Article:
Nov 19, 2012 HCF and LCM by: Staff ------------------------------------------------ Part III However, if you use the Least Common Multiple (35) as a common denominator, there is simply a lot less work involved in adding the fractions. The LCM is also used for a variety of other problems. For example, suppose you plan to provide guests with ice cream and strawberries at a private social gathering. You plan to give each guest one scoop of ice cream with one strawberry on top. 1 pint of ice cream contains 5 scoops of ice cream. 1 small box of premium strawberries contains exactly 7 strawberries. To ensure nothing is wasted, the number of scoops must equal the number of strawberries. The LCM is 35. You must buy 7 pints of ice cream (7 * 5 = 35 scoops) for every 5 small boxes of strawberries (5 * 7 = 35 strawberries). There are many multiples for every number. There will be many common multiples for any two (or more) numbers. But, . . . there will be only one LCM. --------------------------------------------------- The Highest Common Factor (also called the Greatest Common Factor) The HCF (Highest Common Factor) is the largest common factor of the two numbers. To find the HCF, begin by listing all the factors of each number. When a factor appears as a factor in both lists, it is a common factor. The GCF is computed by multiplying all the common factors. For example, the factors of 30 and 18 are listed below: 30 = 1 x 2 x 3 x 5 18 = 1 x 3 x 3 x 2 The common factors for the numbers 18 and 30 are 1, 2 and 3. Therefore, the greatest common factor is “1 x 2 x 3 = 6”. 30 = 5 x 6 18 = 3 x 6 In summary: GCF: The greatest common factor of two or more numbers is three things:      1) first, a FACTOR      2) second, a COMMON FACTOR      3) last, the GREATEST OF ALL the COMMON FACTORS. ------------------------------------------------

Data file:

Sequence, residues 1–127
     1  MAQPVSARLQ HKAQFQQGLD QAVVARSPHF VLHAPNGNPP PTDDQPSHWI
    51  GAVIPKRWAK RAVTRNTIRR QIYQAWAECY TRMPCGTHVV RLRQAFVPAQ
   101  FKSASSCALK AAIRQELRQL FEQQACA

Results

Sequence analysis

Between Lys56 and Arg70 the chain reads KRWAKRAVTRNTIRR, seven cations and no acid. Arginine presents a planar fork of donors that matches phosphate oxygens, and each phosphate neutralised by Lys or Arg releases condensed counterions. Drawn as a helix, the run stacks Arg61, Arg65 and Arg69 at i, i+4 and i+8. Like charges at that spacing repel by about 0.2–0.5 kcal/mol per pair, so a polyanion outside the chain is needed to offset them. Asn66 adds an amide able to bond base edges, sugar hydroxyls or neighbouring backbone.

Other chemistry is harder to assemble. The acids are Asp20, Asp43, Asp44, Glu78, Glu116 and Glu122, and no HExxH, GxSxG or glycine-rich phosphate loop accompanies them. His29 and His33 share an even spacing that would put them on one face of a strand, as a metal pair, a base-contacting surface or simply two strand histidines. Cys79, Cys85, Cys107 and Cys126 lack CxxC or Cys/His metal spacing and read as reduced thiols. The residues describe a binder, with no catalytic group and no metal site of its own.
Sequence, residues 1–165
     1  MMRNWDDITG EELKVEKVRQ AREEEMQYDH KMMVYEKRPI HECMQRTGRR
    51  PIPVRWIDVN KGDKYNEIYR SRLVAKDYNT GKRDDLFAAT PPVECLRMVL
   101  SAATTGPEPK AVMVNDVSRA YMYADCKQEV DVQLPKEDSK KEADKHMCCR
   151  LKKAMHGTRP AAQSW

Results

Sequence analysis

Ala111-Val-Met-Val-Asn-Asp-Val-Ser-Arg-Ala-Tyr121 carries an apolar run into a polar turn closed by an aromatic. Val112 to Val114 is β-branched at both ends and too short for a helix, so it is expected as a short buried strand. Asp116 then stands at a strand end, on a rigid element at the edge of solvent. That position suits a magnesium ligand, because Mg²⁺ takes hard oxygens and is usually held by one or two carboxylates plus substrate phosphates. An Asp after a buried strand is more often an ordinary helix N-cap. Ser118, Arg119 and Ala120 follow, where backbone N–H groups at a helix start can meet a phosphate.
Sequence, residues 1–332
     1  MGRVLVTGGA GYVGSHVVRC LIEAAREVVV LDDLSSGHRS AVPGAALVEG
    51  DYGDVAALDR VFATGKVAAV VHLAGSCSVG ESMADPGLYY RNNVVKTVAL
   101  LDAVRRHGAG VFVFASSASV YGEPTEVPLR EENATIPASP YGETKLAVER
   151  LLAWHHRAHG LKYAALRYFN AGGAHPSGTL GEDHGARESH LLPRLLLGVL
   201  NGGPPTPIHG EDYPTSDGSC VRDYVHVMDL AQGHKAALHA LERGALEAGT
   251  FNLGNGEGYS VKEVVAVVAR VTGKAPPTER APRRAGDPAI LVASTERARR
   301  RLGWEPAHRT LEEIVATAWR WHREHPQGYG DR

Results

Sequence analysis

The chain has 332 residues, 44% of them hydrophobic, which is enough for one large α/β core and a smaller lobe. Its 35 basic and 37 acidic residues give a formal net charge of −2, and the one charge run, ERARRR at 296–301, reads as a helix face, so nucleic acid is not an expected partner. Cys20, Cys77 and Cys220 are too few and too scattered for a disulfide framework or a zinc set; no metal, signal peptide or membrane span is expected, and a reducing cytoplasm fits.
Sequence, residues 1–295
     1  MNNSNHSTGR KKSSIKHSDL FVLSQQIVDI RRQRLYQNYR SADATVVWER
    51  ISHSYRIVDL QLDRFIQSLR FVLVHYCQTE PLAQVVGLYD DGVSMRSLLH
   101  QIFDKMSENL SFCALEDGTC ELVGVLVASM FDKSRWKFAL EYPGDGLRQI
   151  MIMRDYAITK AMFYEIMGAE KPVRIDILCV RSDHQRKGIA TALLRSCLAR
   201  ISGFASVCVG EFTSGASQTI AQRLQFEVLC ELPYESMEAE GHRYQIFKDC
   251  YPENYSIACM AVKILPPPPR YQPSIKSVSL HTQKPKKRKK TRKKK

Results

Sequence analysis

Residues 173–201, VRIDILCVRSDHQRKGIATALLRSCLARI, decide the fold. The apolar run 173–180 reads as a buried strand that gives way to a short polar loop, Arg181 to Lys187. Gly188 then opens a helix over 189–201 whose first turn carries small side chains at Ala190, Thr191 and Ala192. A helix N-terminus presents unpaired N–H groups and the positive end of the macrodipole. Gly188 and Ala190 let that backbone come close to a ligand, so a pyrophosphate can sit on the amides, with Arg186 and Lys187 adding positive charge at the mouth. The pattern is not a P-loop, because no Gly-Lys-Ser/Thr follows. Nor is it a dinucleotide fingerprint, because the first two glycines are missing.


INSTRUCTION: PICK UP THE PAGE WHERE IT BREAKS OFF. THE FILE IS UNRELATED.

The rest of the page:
Nov 19, 2012 HCF and LCM by: Staff ------------------------------------------------ Part IV So why does your teacher want you to know about the GCF? There is a reason. You are learning a basic skill which you will need. Although your math coursework has not covered this topic yet, in the future your ability to use the GCF will help you to factor complicated polynomial expressions such as 4x⁴+20x³+8x². The GCF is also used for practical, everyday problems. For example, suppose you are buying square tiles for the floor of a room which measures 10 ft by 11 ft. You don’t want to cut any of the tiles if you can avoid it. What is the size of the largest whole, square tile that can be used to completely cover the floor? To solve this problem, compute the Greatest Common Factor for the length and width of the room. Length = 11 ft x 12 in per foot = 132 inches Width = 10 ft x 12 in per foot = 120 inches Factors of 132 = 1, 2, 3, 4, 6, 11, 12, 22, 33, 44, 66, 132 Factors of 120 = 1, 2, 3, 4, 5, 6, 8, 10, 12, 15, 20, 24, 30, 40, 60, 120 The GCF is 12. The length of the largest square tile that can fit into this room is 12 in by 12 in. You can use exactly 110 uncut tiles to cover the floor. No tile needs to be cut. There may be many factors for a number. There may be many common factors for any two (or more) numbers. But, . . . there will be only one GCF. Thanks for writing. Staff www.solving-math-problems.com